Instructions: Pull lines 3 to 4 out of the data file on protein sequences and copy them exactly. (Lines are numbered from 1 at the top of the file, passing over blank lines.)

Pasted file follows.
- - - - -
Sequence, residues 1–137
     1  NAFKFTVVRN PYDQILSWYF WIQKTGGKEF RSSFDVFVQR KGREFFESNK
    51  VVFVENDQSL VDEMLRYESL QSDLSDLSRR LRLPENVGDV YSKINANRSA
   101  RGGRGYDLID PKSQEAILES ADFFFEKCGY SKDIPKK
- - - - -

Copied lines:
    51  VVFVENDQSL VDEMLRYESL QSDLSDLSRR LRLPENVGDV YSKINANRSA
   101  RGGRGYDLID PKSQEAILES ADFFFEKCGY SKDIPKK